“We spent a couple hundred man-hours over about a three-month period getting down on paper what I call the DNA, or the soul of the brand, and what those points of differentiation are that have made it successful to this point in time,” Richardson says. WJ Partners and the new leadership wanted to accelerate growth, but they wanted to do it the right way and make sure they didn’t “lose sight of what it had been that made it successful, so that all the work that we did was complimentary versus creating confusion or disconnects or murkiness about what Eggs Up Grill is really about,” he adds.

One of the first changes to come out of these meetings was the new store design, which can be found in about half the system, due to new locations entering the system and legacy operators updating their spaces. While this new look might differ from the original (think: old-school diner), it reflects brand values that have remained unchanged.

“It’s about being light, bright, and it kind of helps put a smile on your face,” Richardson says. “It has some design elements and color schemes that remind you of the sun coming up in the morning. It reminds you a little bit of our heritage from the beach area.”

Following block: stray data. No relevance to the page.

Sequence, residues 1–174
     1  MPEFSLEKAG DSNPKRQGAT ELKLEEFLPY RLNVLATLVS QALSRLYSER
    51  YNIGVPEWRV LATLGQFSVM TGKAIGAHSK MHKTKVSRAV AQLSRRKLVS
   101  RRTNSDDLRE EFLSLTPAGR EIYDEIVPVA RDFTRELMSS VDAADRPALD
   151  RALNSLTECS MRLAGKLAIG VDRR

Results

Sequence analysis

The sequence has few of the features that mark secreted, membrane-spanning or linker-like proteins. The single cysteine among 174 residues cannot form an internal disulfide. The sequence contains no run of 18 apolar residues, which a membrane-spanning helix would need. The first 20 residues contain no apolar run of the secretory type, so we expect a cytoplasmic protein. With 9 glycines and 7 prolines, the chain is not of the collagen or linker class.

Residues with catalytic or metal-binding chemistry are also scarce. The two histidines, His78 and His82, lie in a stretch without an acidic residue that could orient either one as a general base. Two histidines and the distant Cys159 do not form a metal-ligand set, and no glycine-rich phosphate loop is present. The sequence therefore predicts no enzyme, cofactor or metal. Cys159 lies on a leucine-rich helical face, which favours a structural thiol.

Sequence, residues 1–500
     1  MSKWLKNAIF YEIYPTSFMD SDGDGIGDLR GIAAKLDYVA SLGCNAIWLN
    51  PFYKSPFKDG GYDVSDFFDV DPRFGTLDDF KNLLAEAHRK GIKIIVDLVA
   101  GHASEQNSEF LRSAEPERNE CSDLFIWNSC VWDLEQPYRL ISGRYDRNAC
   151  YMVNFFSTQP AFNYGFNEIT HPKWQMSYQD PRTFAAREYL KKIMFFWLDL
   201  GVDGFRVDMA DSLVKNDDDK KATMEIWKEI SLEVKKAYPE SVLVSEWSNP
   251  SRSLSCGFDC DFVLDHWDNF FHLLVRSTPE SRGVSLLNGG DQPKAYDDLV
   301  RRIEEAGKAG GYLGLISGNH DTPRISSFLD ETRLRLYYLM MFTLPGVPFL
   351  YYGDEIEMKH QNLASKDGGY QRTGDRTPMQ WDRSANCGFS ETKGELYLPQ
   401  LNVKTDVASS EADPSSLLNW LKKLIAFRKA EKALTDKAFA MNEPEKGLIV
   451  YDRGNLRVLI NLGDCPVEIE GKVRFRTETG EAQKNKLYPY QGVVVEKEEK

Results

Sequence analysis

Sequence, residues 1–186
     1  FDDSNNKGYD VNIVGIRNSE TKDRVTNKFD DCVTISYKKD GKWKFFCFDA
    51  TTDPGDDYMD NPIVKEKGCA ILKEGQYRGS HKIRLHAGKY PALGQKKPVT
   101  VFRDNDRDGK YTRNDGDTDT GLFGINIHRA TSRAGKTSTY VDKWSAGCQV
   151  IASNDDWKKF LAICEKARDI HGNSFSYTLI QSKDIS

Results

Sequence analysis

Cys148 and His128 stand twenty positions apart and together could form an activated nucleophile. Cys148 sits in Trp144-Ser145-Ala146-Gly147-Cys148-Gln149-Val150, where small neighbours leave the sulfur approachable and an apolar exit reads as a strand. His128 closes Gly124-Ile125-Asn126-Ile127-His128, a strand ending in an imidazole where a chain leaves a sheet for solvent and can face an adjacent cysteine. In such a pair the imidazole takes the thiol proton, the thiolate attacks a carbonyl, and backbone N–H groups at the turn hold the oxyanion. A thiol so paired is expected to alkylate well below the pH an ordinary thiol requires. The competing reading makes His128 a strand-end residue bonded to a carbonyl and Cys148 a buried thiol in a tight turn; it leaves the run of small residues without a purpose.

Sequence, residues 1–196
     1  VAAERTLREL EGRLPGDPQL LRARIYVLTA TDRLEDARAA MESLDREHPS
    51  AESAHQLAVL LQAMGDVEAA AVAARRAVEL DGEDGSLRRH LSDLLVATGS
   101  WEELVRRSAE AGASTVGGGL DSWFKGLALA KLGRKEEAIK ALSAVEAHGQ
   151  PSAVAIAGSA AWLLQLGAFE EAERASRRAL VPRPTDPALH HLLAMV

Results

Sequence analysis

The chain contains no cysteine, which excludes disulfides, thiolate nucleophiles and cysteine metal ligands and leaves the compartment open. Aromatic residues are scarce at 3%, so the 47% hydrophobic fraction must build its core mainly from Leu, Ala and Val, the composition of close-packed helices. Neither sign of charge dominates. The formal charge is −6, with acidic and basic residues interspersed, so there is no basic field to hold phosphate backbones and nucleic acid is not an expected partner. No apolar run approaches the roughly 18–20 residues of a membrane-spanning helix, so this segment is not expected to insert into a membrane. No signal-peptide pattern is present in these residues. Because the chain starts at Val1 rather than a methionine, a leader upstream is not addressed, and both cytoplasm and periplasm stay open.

Eggs Up Grill

The work-life balance is a major selling point for Eggs Up Grill.

Not a chain

Richardson and his team have brought infrastructure and streamlined practices to Eggs Up Grill, positioning it for big growth, but at the root, it remains a hands-on, heritage brand. This was a perk for Richardson, who had spent seven years at TGI Fridays, half of which he served as brand president.

Part of the appeal in leading Eggs Up Grill was the opportunity to be at the forefront of a smaller operation with runway ahead and less distance between the corporate offices and the operators. Richardson wasn’t the only one to have these sentiments.

Before joining Eggs Up Grill, Nate Young had spent many years climbing the corporate ladder at Red Lobster. He graduated right as the dotcom bubble burst, and although he’d never aspired to a career in foodservice, that’s where he landed. At age 23, he was promoted to general manager before eventually ascending to director of operations in South Carolina, a position he held for about a decade until shortly after Golden Gate Capital acquired the brand in 2016.